October 2, 2020

Ohio Supreme Court Holds Amazon Not Liable Under Products Liability Law


The Ohio Supreme Court ruled recently that Amazon.com, Inc. cannot be held liable for the death of a teenager caused by the ingestion of a fatal dose of caffeine powder purchased on the Amazon Marketplace because Amazon never had possession or control of the product.

Crucial to the Court’s decision was the fact that the powder was purchased from a third-party seller on Amazon’s marketplace who sold “Fulfilled by Merchant” (or “FBM”)—meaning that the seller stored and shipped the product. This is in contrast to the “Fulfillment by Amazon” (or FBA) service, where a seller agrees to permit Amazon to store the seller’s products in its warehouses and Amazon ships the products once they are purchased by customers without further input from the seller.

In part because Amazon did not hold the product in its warehouses, the Court held that Amazon did not “participate[ ] in the placing of a product in the stream of commerce” and therefore did not qualify under the Ohio Products Liability Act as a “supplier.” As a result, it could not be held liable for the purchase of the product.

Specifically, the Court noted that the third-party seller who sold the caffeine powder “had sole responsibility for the fulfillment, packaging, labeling, and shipping of the product directly to customers.” The seller, not Amazon, “decided what to sell on Amazon, and by agreement, took on the responsibility of sourcing the product from the manufacturer until it reached the end user.” Additionally, Amazon never physically touched the product.

Although the Court recognized that Amazon controls how sellers contact customers, moderates the design and content of its marketplace website and product descriptions, and imposes restrictions on pricing, in the Court’s view, these factors all established Amazon’s control over its relationship with sellers, not its control over the products themselves. When urged by the appellant (the teenager’s father) to consider the policy implications of not holding Amazon liable, the Court held that the appellant “ha[d] not demonstrated that holding Amazon liable would promote product safety” because Amazon lacks control over product safety in FBM situations. The Court’s decision affirmed the decisions of the lower trial and appellate courts in the case.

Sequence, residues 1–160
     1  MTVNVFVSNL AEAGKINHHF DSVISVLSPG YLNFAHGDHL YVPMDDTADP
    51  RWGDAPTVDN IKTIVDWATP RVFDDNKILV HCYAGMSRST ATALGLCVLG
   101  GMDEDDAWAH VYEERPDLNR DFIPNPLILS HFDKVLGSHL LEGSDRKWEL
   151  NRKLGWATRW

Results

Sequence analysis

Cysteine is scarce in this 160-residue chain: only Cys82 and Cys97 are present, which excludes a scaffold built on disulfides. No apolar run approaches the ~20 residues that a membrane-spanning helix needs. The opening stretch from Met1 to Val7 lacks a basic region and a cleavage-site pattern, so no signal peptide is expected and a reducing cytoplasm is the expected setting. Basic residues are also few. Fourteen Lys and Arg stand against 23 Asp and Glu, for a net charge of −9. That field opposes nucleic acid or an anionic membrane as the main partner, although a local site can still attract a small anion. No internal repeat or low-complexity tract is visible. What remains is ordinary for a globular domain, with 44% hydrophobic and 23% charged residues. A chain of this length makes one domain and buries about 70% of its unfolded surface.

One justice, Justice Donnelly, concurred in the judgment only, and opined that the Ohio Products Liability Act was designed for the “1980s retail-sales paradigm” and could not equitably be applied to modern eCommerce. He wrote that “[t]he divide between the pre-Internet age and the current age is so profound that laws like this Act might as well have been written in the stone age.” Although he agreed that the law as written shielded Amazon from liability, he opined that the fundamental purposes behind products-liability should not, explaining:

Even if Amazon cannot be considered a supplier in the traditional, pre-Internet sense, I believe that its all-encompassing participation in the sales transactions of its third-party merchants places Amazon squarely on the supply chain, between the seller and the consumer. . . . Because Amazon is so deeply involved in the chain of distribution leading to the Amazon customer, Amazon is well positioned to monitor third-party sellers and their products and to limit its e-commerce services to reputable third-party sellers that select safer products, just as sellers are in a position to select safer products that are sourced from reputable wholesalers or manufacturers.

Notably, Justice Donnelly observed, “the Act does not address many of the contemporary standards in technology, communications, and commerce—standards that have changed radically since 1988,” when the law became effective. In fact, the purchase that led to the teenager’s death was made in 2014, and the case has been in litigation since. All the while, Amazon and other online marketplaces have continued to modify their sales, pricing, storage, and shipping practices.

Just as the online marketplaces have to adapt to a rapid growth in online sales, brands have to adapt to the frequent changes in the practices of online marketplaces and their third-party sellers, and have to take steps to control the sources from which third-party sellers select their products.

Vorys eControl has worked with hundreds of manufacturers and brands to implement efficient, effective and legally compliant online sales control solutions that drive business value. Our eCommerce litigation team has handled more eCommerce-related matters than any other team of which we are aware, including over 150 actions brought against unauthorized marketplace sellers. For more information, please see www.vorysecontrol.com or contact us.

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